Gov. Deval Patrick has called for an ambitious financial plan when it comes to transportation and education.
We think both deserve serious consideration.
It is always easy to say it’s not the right time to raise taxes, but somebody needs to show when in the past 10, 20 or more years that there’s been some kind of universal agreement when it comes to raising taxes.
It just doesn’t happen.
Instead it has taken strong leadership to not just call for additional money but also provide the kind of argument for their case that convinces a skeptical public why this is the time to make such an investment.
As Secretary of Education Matthew Malone said last week during a hearing at Greenfield Community College, “While incremental funding increases are always welcome and appreciated … it will never be enough to get the job done in education.”
That is especially true when you consider that the money put toward education by the state hasn’t been a constant trajectory upwards. Rather, education has had to deal with a number of funding reductions that have not been erased by subsequent increases.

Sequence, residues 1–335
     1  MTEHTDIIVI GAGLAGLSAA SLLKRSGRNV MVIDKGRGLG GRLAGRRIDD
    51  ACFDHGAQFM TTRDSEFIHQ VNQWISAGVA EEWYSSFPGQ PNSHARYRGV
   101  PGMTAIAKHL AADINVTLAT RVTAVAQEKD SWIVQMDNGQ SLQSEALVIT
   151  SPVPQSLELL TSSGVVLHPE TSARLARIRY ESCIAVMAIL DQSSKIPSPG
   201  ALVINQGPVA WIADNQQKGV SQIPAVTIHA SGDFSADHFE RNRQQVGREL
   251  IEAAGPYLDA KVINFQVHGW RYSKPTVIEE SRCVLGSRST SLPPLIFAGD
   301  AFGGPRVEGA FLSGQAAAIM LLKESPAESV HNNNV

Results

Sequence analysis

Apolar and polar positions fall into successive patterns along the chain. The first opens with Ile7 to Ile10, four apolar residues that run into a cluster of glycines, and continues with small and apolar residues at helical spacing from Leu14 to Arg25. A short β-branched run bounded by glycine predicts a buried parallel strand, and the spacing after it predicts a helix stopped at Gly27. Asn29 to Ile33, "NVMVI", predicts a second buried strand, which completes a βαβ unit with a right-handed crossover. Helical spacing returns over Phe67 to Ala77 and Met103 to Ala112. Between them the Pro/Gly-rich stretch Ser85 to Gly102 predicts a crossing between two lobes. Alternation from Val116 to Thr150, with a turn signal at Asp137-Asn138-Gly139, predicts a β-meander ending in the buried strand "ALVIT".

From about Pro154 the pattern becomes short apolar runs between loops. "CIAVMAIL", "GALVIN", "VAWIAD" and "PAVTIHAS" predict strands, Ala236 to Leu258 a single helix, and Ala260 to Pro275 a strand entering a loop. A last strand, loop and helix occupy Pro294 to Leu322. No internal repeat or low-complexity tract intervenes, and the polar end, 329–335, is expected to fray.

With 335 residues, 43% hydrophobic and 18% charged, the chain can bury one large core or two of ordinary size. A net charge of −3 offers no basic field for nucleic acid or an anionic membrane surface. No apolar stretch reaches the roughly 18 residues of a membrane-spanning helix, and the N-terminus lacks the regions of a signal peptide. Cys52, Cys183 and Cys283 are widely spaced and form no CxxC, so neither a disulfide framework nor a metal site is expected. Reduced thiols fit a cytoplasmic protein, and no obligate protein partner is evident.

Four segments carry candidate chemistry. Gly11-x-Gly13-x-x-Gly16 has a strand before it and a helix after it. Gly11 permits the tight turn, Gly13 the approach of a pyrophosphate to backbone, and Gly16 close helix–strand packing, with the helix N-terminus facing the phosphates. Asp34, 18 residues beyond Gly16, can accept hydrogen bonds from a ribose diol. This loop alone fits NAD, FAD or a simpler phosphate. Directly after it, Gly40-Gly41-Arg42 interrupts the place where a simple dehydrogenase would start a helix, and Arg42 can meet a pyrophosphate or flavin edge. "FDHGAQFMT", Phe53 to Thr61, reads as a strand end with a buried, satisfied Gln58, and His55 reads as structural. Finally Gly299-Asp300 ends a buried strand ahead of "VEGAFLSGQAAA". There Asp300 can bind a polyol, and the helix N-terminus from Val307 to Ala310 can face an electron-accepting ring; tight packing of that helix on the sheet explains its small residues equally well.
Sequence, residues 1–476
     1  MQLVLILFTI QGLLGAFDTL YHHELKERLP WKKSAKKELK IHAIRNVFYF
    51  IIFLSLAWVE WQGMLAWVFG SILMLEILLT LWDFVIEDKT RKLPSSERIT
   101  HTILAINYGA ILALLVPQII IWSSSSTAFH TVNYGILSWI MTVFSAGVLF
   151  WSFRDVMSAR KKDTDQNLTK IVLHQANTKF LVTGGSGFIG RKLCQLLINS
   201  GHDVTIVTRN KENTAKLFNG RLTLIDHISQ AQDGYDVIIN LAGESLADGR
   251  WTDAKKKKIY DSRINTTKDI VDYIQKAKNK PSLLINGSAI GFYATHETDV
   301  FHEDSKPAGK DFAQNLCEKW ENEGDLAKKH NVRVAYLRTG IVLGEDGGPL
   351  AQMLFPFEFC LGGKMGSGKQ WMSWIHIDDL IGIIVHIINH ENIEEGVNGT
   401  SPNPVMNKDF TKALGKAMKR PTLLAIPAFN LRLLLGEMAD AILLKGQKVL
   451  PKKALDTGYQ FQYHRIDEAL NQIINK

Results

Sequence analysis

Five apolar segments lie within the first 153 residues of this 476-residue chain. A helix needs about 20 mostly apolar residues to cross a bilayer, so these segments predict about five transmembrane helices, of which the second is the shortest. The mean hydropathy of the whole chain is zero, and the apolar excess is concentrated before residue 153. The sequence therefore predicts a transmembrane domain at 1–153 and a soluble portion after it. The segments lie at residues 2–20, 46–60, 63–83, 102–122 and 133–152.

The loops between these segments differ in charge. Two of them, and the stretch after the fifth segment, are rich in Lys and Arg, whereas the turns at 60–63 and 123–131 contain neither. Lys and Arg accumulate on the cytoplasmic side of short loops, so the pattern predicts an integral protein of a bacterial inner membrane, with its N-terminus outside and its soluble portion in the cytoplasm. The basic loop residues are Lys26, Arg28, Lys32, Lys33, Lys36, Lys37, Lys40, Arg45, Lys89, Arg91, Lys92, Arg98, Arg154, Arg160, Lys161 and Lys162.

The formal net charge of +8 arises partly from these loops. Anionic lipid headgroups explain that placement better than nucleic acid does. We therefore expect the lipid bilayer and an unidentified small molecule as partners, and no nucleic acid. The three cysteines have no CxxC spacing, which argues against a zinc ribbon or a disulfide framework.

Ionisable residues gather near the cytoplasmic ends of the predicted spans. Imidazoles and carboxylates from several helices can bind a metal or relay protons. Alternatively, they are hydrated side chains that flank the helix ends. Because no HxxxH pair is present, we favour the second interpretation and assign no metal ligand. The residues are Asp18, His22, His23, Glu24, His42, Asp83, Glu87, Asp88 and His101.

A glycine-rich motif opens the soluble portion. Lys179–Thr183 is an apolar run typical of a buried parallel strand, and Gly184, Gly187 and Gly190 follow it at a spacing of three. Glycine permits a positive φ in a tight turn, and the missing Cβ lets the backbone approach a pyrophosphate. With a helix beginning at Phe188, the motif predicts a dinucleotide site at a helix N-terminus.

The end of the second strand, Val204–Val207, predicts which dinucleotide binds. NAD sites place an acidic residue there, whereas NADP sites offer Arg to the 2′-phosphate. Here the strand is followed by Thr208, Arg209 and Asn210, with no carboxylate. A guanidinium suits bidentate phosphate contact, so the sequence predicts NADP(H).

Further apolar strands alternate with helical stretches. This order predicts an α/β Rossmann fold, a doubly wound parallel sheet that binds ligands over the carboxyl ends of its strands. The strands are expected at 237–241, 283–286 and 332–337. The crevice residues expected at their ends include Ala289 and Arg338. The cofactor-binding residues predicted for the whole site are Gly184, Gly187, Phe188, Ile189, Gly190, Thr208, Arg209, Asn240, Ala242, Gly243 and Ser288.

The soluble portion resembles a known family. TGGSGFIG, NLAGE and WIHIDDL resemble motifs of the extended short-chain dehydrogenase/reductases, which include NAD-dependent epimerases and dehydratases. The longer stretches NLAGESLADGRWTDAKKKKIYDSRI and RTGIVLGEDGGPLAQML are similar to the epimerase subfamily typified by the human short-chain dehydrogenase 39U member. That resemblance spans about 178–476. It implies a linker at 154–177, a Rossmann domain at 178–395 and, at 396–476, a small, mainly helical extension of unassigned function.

Take, for example, the money that Greenfield Community College has received from the state. In Fiscal Year 2008, GCC received a bit more than $9.1 million toward its operation. Since then, GCC has seen the state money fall below that mark, with Fiscal Year 2013 looking at $7.8 million.
Under the governor’s proposal, based upon a new formula for distributing state money to the 15 community colleges in Massachusetts, GCC would be looking at $1 million more as part of the $20 million more aimed at community colleges as part of what the governor wants to see for higher education.
The $20 million, which is part of the additional $152 million that Patrick wants for higher education, is part of a $550 million increase for public education from those just entering the public education system to those earning a college degree.
But the only way to do this is to raise taxes, the very idea that leaves a bitter taste in the mouths of many legislators and Massachusetts residents.
Putting off such an investment, however, is counter-productive. Delaying this kind of investment will only delay what education strives to do: prepare people to meet both the challenges that now exist as well as the ones that the lie ahead.
Gov. Patrick realizes that now is the time to make such investments ... waiting for people to say “OK, raise my taxes” just isn’t going to happen.